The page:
A combination of better fuel efficiency and switching consumption from oil to natural gas is taking hold in the U.S. and globally, according to analysts at Citigroup. If they are right, the mainstream belief that oil demand will rise inexorably as emerging markets like China continue developing could be misplaced. In fact, oil-demand growth could plateau by the end of this decade under this scenario, potentially reducing oil prices and hitting major producing nations and companies.
Mr. Bush is partly responsible. Legislation he signed in 2007 to reduce gasoline consumption in vehicles has taken effect, and the European Union, Japan and Canada all have similar measures in place. If oil demand grew at 1.2% a year to 2020—in line with its rate over the past decade—demand would reach 97.9 million barrels a day from 89 million in 2012. But that 2020 projection could instead be 94.8 million, thanks to such fuel-efficiency measures, Citi estimates.
Meanwhile, the U.S. shale revolution is encouraging major oil-consuming industries, from trucking to shipping to petrochemicals, to switch to much-cheaper gas. Even in countries where the price gap between oil and gas isn't so wide, gas is being promoting to help cut carbon emissions. The net effect could reduce oil demand by another 3.6 million barrels a day, bringing Citi's 2020 estimate to 91.2 million barrels by 2020.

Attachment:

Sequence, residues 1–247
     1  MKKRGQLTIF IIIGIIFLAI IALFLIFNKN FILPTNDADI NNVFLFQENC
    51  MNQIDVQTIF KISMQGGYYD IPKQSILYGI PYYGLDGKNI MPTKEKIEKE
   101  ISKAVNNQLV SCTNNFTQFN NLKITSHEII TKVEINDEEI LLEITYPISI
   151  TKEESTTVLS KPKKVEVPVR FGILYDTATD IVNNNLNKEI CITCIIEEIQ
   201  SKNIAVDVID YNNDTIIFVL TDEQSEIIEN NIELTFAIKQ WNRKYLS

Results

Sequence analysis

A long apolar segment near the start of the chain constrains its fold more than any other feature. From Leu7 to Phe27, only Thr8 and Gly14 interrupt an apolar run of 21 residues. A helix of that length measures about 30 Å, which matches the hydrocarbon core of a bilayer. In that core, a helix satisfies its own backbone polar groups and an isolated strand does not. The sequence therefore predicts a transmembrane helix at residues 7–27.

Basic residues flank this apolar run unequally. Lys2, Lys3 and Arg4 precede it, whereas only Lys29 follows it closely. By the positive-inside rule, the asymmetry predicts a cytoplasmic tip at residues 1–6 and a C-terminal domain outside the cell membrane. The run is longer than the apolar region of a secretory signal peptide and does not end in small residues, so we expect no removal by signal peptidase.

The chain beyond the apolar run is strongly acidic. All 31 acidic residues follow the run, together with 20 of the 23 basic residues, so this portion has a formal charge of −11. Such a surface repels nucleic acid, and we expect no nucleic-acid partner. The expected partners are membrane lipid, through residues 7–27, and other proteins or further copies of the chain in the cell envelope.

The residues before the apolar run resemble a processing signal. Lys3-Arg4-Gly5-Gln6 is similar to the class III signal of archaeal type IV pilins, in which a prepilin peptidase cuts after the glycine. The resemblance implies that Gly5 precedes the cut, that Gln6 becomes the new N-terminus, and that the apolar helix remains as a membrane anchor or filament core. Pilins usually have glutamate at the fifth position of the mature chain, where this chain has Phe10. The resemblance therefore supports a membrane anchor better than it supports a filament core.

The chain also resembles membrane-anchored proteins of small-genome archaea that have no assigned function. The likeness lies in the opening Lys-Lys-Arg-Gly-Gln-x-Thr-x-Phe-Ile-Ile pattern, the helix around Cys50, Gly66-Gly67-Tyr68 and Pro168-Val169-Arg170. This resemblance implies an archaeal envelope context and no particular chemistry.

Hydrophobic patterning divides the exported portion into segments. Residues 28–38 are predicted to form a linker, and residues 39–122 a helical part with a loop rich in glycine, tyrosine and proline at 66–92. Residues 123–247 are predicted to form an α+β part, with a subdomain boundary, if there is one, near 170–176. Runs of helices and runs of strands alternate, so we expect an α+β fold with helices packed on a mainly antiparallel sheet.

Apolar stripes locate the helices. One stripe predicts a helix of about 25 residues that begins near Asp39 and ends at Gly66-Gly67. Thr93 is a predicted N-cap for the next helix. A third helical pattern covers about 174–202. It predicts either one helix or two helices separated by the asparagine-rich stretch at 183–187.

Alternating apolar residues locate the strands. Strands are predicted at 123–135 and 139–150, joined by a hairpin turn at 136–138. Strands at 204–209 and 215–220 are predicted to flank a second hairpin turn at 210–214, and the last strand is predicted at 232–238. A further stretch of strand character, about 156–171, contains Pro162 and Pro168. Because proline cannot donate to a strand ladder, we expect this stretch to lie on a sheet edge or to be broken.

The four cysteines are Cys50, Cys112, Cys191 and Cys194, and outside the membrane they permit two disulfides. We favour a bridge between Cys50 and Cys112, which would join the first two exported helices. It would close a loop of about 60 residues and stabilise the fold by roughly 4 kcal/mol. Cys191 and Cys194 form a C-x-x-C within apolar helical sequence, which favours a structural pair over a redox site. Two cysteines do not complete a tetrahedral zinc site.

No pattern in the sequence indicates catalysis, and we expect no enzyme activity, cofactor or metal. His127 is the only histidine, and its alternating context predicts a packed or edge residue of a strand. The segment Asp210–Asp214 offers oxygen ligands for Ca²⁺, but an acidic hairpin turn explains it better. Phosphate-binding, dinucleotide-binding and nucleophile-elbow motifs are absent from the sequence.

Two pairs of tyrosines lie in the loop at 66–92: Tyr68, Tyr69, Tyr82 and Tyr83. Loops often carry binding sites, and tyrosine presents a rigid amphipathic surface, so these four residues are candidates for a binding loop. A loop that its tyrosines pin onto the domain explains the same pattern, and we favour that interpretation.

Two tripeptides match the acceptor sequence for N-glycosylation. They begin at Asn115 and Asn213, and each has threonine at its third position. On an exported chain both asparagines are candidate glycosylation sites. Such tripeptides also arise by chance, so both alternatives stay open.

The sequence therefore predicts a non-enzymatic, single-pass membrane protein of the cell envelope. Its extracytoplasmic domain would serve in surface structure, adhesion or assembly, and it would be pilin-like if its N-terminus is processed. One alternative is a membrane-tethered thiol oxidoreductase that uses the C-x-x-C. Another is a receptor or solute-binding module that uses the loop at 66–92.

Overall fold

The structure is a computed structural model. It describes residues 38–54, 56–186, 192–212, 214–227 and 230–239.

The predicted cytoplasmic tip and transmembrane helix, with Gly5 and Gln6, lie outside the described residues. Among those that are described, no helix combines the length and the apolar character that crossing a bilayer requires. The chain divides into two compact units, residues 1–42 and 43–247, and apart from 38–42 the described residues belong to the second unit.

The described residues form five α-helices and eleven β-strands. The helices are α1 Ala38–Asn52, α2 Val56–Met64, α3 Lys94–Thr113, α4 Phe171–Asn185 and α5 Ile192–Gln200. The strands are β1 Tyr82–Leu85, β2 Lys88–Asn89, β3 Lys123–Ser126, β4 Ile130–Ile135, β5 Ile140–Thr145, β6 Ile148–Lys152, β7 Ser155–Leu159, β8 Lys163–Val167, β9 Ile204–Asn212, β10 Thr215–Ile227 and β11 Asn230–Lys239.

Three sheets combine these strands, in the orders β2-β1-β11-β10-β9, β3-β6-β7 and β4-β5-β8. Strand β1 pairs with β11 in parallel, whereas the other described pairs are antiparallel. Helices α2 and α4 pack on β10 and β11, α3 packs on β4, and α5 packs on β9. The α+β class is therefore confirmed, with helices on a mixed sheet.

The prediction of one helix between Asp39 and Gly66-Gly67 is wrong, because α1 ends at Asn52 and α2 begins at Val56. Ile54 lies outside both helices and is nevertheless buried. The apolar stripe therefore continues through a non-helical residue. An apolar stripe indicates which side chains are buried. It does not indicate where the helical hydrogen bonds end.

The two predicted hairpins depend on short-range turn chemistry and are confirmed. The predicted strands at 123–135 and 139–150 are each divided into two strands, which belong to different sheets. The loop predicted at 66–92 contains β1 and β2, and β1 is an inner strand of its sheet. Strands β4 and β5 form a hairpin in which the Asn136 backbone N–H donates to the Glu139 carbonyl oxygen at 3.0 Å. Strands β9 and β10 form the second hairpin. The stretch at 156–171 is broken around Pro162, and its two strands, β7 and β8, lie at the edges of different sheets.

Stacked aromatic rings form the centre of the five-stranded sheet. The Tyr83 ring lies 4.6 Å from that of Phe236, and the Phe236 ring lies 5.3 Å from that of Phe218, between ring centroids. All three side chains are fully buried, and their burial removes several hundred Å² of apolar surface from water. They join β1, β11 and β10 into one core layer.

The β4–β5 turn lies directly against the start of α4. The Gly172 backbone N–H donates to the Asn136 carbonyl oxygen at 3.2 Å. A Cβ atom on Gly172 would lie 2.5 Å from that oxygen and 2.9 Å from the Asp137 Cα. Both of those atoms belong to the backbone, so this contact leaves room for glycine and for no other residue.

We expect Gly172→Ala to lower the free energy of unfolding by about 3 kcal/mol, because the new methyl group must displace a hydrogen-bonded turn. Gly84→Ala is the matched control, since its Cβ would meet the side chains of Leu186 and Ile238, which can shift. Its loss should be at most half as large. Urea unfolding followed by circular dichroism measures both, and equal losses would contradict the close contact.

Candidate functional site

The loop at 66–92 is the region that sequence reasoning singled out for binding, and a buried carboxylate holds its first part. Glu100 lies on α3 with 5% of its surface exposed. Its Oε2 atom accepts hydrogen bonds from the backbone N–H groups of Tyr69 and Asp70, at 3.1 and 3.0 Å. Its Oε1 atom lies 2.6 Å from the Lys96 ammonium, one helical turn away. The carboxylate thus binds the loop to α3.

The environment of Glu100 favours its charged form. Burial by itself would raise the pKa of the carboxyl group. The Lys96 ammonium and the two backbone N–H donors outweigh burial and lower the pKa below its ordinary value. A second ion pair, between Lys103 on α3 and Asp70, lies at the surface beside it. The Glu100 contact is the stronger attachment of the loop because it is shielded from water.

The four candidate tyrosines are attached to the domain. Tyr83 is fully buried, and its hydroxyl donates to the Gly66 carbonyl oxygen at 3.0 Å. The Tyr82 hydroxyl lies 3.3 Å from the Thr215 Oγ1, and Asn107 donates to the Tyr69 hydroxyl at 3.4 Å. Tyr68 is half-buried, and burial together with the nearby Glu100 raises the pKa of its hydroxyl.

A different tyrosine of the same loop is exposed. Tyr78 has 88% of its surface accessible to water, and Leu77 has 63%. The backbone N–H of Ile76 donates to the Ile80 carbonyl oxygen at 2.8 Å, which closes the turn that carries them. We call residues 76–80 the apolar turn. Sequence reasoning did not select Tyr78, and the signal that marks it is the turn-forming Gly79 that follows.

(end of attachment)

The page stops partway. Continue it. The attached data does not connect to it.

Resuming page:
Section B (Marketplace):
Suncor Energy Inc., Canada's largest oil-sands producer, said it and partner Total won't proceed with a plan to build a multibillion-dollar facility designed to refine heavy bitumen into a light, low-sulfur synthetic crude.
Suncor has warned for months that it was reviewing the project amid a glut of low-sulfur crude in the U.S. New drilling and extraction techniques there—in particular, in North Dakota—have enabled producers to extract large volumes of light crude across the U.S. That is competing with the synthetic crude that Suncor and other Canadian producers have been processing and selling to U.S. refineries.
Amid the U.S. oil boom, Suncor executives said it may not make sense to spend money on a new upgrading facility, which was to be located in Alberta. Instead, Suncor said it could be more economical to simply send unprocessed heavy bitumen to refiners equipped to handle it.
  • Glad to see. US Supreme Court sides with Comcast: high court rules in favor of Comcast. I don't care about the specific case; the specific complaint may have merit. What I don't like are class action suits: a law firms reaps millions (billions) and the plaintiffs get a $1.00 coupon off next purchase from company that was successfully sued.
Mitsubishi Motors Corp.  reported two accidents involving batteries manufactured by its venture with GS Yuasa Corp., the maker of lithium-ion batteries for use in Boeing Co.'s grounded 787 Dreamliner.